What most people don’t realise is America is the only current nation with a Christian subculture. There are probably more Christians in China or India by now with the rapid growth in the past 20 years, but America is the only place where a subculture of Christianity has been created. And it is this subculture which we could call American evangelicalism. Or Michael Patton over at Parchment & Pen describes it as pop-evangelicalism.

To be evangelical simply points to such facts as believing in justification by faith alone through grace, the Bible is the final authority of the believer’s life, that we should look to communicate the good news (evangel) to nonbelievers, and an emphasis on a personal conversion, or new birth, experience.

None of these are necessarily bad. And, actually, they are all quite helpful.

But the American evangelicalism subculture, at least in the past 20 years, has tended to work itself out in such ways as megachurches housing multiple thousands of members (or local churches hoping and aiming to become megachurches); very media-frenzied or at least having a cool sound system with lights, cameras, and action; leaning heavily towards the political religious right; performance and program driven with non-participatory audiences that want a product to be served up to them.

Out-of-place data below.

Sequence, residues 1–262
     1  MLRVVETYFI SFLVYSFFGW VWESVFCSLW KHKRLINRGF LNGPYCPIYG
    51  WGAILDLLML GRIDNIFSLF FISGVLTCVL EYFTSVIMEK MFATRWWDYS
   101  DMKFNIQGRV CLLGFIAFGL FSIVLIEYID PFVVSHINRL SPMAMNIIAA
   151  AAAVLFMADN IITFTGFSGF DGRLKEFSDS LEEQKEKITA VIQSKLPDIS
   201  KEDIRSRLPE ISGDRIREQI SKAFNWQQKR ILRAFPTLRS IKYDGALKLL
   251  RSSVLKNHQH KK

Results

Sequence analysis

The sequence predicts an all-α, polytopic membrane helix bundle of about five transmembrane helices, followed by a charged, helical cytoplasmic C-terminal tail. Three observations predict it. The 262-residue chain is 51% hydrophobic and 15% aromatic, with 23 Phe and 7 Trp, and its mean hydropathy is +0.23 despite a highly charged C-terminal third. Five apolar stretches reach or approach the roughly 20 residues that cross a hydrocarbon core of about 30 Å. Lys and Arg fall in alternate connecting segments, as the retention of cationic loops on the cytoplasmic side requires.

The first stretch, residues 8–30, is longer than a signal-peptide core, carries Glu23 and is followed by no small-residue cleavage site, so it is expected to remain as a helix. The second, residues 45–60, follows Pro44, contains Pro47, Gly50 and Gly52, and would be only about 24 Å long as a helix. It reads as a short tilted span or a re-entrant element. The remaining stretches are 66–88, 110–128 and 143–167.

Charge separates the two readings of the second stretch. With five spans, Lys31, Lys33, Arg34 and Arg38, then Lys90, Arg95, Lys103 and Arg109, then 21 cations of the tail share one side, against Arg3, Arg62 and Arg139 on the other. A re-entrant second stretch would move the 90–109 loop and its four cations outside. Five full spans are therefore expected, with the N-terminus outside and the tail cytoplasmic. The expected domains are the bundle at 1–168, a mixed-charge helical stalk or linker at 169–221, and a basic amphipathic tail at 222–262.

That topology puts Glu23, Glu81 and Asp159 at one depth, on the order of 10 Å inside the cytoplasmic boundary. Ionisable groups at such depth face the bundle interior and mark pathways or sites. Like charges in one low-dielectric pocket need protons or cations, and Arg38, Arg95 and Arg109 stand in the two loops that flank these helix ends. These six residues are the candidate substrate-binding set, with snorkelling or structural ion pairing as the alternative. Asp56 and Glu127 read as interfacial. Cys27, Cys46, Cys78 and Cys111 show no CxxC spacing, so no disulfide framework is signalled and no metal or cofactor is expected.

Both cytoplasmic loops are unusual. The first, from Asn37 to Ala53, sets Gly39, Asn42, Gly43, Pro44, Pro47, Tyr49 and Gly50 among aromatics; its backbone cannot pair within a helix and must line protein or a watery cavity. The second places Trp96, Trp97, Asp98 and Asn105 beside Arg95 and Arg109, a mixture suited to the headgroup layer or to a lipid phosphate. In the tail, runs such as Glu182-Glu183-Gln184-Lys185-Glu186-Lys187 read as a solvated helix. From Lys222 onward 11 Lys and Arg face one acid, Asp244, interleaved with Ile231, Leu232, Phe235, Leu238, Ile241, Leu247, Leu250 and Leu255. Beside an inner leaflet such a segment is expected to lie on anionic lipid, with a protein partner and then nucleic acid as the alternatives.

I know these words are harsh, but this is what has come to be defined as American evangelicalism in the past two decades or so, or at least partly define this subculture. And I will be honest, it’s a far cry from what I read in Acts and the New Testament letters. When you read the New Testament, you get this idea that the church, God’s people, were all about family. But, unfortunately, America has let both capitalism and consumerism dictate church expression in the 21st century. As one friend of mine aptly put it:

‘In Biblical times, the greatest institution upheld was that of the family, and therefore God’s people were referred to and functioned as such. In 21st century America, the Church mainly functions like a business because that has become the greater institution of our culture.’

No, I am not suggesting we all become Amish or isolate ourselves in monasteries. It might be hard to fulfill our commission to be salt and light then. But I am saying that our expression of Christianity, our life as the church, the body of Christ, should first and foremost reflect what the New Testament reflects. And it is America, or at least American evangelicalism, that has moved itself quite far away from such Biblical understanding.

So, for my European friends, that is my take on American evangelicalism, the subculture that iMonk says will soon collapse.

As I end, I just wanted to share a final few thoughts in regards to the shaking of American evangelicalism.